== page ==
Among the more amusing developments of the new Congress has been Senator Mitt Romney’s dogged attempts to do his job. Earlier this month, Romney made a deficit-neutral proposal that would provide Americans with cash allowances for every child they have. Today, Romney announced that he and Senator Tom Cotton would be coming forward with a plan to gradually raise the national minimum wage and then pin it to inflation while mandating employers’ use of E-Verify — the federal database of work-eligible Americans — to curb illegal immigration.
Even more amusing than the fact that Romney has ideas is that they all seem to be geared toward pleasing the people who hate him most: stalwart supporters of former president Donald Trump, and populists fond of bashing the ‘dead consensus’ of pro-free market Republican politics. And yet, some Utah Republicans are still pushing for Romney to be censured for his vote to convict Trump in last week’s impeachment trial, and ex-congressman Jason Chaffetz is exploring a primary challenge against Romney in 2024. Meanwhile, Senator Lindsey Graham builds credibility with the GOP’s populist wing by calling Lara Trump “the future of the Republican Party” and encouraging her to run for Senate in North Carolina.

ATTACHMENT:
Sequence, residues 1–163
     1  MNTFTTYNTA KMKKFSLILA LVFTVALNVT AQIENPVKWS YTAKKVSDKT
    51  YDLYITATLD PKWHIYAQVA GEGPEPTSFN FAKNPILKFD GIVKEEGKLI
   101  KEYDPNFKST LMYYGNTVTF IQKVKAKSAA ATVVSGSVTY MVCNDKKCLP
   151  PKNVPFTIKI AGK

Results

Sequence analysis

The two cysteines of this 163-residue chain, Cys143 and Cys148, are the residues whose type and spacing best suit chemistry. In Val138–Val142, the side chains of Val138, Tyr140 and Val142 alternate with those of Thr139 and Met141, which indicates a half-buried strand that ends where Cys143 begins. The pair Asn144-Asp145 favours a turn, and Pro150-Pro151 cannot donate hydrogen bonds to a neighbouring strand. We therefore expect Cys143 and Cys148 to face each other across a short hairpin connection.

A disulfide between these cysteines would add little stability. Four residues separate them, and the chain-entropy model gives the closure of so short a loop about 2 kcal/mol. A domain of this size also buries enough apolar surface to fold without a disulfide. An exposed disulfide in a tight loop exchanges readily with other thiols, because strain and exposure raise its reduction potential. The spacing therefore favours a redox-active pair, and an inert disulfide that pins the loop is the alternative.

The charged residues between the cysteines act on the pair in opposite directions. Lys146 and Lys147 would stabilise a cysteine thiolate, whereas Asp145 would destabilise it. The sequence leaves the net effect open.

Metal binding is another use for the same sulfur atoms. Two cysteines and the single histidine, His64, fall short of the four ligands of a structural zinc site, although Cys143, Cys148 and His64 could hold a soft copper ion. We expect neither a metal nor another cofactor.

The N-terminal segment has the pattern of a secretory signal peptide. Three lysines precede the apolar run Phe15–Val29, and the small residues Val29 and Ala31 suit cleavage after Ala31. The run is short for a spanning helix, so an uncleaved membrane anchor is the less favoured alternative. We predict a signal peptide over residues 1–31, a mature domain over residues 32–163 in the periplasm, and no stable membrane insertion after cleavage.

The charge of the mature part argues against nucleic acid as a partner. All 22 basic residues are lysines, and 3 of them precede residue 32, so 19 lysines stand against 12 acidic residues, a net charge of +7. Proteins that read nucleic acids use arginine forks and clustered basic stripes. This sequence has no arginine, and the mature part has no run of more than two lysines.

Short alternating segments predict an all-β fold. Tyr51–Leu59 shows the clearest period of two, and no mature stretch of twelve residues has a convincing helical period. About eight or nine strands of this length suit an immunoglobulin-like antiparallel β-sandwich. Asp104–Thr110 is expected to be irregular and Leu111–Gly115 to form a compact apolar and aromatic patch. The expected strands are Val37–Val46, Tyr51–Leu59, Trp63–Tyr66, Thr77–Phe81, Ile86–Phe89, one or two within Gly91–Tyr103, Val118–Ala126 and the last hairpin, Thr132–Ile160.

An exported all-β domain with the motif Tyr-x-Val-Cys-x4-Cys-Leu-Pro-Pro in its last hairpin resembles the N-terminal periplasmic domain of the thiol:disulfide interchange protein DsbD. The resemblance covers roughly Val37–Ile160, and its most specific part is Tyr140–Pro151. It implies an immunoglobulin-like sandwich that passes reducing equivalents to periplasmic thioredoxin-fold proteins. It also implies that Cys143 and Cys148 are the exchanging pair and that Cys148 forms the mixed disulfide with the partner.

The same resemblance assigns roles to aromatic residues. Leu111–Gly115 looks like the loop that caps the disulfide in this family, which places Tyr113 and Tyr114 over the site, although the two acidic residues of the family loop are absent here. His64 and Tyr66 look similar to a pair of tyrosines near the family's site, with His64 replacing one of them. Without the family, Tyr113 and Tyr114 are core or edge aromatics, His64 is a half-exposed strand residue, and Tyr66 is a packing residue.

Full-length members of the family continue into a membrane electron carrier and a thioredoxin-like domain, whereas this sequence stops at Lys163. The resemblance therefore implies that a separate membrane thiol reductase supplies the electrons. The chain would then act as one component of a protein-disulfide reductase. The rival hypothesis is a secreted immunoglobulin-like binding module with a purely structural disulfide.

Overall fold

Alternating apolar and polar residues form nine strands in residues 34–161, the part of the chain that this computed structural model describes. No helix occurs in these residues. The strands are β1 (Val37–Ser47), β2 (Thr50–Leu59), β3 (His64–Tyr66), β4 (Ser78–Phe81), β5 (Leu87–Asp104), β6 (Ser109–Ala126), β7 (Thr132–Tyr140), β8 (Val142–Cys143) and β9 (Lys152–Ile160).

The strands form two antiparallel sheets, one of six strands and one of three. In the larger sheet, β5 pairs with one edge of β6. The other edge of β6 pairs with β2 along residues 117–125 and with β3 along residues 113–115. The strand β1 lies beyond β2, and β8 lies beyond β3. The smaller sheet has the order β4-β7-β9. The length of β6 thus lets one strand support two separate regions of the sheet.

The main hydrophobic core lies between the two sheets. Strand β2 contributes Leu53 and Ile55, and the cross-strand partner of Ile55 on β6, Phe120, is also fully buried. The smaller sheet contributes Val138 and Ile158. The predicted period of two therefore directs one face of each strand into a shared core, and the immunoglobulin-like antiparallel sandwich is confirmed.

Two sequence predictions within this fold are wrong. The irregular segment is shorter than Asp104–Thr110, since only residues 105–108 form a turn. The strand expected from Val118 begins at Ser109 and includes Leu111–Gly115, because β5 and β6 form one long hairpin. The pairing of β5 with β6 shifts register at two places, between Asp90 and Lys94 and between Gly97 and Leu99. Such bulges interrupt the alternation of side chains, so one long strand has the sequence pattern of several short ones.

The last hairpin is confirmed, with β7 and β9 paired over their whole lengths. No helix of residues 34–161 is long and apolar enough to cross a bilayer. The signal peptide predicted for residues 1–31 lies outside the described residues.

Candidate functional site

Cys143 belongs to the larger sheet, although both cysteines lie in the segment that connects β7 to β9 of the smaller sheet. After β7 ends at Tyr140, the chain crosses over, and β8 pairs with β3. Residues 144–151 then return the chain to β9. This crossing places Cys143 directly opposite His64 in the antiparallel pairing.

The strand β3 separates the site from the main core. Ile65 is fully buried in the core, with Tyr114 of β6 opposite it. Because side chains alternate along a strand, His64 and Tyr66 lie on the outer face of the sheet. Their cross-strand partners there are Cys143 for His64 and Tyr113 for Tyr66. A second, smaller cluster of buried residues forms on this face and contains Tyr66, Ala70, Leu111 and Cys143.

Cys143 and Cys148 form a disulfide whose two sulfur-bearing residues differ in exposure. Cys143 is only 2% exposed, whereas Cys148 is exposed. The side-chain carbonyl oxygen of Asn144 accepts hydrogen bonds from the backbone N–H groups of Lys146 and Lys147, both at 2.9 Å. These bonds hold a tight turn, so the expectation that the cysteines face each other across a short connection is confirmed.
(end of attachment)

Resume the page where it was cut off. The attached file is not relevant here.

Whatever you think of the policies he is throwing his weight behind — Romney gets a thumbs-up on family policy and E-Verify, and a thumbs-down on the federal minimum wage hike from me — it’s heartening to watch a legislator have a try at, well, legislating in a thoughtful way that appeals to first principles and tries to make some sense of the minutiae. It’s disheartening, though, to watch him try to do so in a Senate dominated by the slogans-as-policy Left (Fight for $15!) and the bluster-heavy, policy-wary Right.